chevron-down Created with Sketch Beta.


Arkansas Bar Commission on Diversity and Inclusion

In order to better implement its stated purposes, the Arkansas Bar Association is committed to fostering diversity among the bar and bench. Diversity is an inclusive concept and encompasses, without limitation, race, color, ethnicity, gender, sexual orientation, gender identity and expression, religion, nationality, age, disability and marital and parental status. A more diverse bar enables greater innovation and more civility in the legal professions by exposing its member to a wide variety of backgrounds, perspectives, life experiences, and talents. By mirroring the diverse population of Arkansas, a diverse bar and bench would provide greater understanding and access to justice to all its citizens. The Arkansas Bar Association through its leadership directly and by its Commission on Diversity seeks to achieve a greater understanding of diversity issues and greater diversity of the bar itself.

All Sections can be accessed here

Disability Law Section

The Section shall promote the objects of the Association within the field of Disability Law, including Social Security Law and including all related federal and state law. It pledges to promote professionalism, excellence, and understanding and cooperation among those attorneys engaged in this field of law.

Hispanic Lawyers Section

The Section shall promote the objectives of the Association as well as professionalism, excellence, understanding and cooperation among attorneys engaged in dealing with legal issues surrounding the Hispanic culture and communities.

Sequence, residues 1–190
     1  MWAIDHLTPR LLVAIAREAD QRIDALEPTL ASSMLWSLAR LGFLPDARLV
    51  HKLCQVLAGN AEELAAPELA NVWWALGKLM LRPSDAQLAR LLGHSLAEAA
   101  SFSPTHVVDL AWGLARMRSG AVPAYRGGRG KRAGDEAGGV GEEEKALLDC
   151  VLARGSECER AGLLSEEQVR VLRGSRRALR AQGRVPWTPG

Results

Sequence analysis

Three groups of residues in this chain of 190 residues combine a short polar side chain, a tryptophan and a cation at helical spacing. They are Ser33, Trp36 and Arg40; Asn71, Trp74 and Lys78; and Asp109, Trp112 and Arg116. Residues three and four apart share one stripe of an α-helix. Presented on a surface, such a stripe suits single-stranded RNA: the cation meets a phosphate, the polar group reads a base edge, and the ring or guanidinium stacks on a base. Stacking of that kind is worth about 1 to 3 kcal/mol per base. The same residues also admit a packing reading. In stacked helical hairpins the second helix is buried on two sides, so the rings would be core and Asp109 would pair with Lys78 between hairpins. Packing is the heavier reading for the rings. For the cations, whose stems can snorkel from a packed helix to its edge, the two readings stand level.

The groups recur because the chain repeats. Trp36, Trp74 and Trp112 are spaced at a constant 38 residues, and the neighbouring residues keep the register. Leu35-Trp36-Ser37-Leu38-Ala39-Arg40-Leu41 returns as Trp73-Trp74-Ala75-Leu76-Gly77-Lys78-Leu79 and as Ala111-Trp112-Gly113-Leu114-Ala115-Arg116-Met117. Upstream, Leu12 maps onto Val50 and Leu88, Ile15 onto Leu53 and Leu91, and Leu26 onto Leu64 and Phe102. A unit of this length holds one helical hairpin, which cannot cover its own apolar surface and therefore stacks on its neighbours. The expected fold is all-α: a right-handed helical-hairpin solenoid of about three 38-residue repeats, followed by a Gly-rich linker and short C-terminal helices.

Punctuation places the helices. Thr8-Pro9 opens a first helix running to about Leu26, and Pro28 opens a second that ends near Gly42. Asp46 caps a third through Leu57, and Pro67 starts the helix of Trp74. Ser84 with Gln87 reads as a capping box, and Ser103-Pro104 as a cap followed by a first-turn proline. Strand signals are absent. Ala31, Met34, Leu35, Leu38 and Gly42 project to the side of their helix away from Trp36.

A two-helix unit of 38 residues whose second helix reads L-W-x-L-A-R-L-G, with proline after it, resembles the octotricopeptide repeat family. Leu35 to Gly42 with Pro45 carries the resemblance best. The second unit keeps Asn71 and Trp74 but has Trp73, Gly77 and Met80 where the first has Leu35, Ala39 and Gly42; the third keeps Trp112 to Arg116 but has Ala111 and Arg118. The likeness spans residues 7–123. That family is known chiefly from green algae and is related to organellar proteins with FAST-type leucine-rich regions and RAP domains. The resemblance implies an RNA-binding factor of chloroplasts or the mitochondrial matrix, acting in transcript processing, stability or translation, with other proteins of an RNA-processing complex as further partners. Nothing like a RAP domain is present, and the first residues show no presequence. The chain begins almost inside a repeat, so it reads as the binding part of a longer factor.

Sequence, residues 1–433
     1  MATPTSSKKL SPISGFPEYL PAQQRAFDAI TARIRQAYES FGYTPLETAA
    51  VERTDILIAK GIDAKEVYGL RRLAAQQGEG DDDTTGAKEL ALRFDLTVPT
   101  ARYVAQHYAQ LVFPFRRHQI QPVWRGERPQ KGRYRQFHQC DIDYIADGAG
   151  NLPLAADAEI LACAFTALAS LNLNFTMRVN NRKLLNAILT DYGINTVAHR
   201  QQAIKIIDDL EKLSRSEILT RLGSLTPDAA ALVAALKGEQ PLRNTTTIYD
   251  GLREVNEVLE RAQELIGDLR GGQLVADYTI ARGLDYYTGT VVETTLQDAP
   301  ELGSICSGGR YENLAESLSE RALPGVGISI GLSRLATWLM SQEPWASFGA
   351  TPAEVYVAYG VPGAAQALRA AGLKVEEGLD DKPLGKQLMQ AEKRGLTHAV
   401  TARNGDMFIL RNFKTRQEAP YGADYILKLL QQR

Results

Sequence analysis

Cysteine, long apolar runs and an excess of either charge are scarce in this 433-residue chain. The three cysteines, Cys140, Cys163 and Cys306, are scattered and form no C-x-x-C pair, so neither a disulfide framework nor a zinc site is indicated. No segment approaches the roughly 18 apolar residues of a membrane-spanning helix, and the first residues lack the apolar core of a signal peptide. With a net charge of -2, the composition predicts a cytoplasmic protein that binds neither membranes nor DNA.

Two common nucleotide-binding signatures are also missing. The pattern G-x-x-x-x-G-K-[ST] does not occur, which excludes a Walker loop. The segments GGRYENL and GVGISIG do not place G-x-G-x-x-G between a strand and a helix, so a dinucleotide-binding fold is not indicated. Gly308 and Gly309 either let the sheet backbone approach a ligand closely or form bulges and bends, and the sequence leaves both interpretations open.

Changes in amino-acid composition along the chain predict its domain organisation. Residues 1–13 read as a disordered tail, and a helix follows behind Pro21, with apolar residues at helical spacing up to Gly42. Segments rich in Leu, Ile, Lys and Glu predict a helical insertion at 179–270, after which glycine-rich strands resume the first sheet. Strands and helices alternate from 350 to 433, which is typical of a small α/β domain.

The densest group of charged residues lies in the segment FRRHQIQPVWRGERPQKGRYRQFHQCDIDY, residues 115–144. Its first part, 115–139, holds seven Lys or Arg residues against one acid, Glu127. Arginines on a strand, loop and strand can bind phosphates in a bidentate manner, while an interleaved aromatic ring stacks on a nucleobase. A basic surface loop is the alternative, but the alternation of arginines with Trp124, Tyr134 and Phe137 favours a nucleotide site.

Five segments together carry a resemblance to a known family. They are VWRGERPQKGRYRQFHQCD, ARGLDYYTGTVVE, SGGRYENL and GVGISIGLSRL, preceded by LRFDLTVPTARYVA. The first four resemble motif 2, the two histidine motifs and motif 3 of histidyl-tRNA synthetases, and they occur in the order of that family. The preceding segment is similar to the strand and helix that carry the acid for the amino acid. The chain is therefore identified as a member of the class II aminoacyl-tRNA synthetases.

Local Bar Associations

Arkansas Association of Women Lawyers

The purposes of the Arkansas Association of Women Lawyers, which are to be exercised in the public interest, are as follows:

  • To further the interests of women lawyers and their service to the legal profession; to advance the administration of justice according to law; to aid the courts in carrying on the administration of justice
  • To foster public service and high standards of conduct; to maintain, on the part of those engaged in the practice of law, high standards of integrity, learning and competence;
  • To encourage collegiality among women lawyers;
  • To provide a forum for the discussion of subjects pertaining to the practice of law and related subjects;
  • To carry on a program of continuing legal education;
  • To improve the judicial and legal process and the science of jurisprudence;
  • To encourage practices that would advance and improve the honor and dignity of the legal professional and to encourage the legal profession and its individual members to perform and to discharge more effectually their responsibilities in the public interest.

W. Harold Flowers Law Society

The Arkansas Black Lawyers Association was founded to support the African American Legal Community. The organization changed its name to W. Harold Flowers Law Society in 1981 to honor William Harold Flowers, Sr., a Pine Bluff, AR civil rights icon. W. Harold Flowers, Sr., fought for and achieved change in Arkansas with the legal prowess he showed in the desegregation of the first former confederate state law school, the University of Arkansas School, the University of Arkansas School of Law in Fayetteville.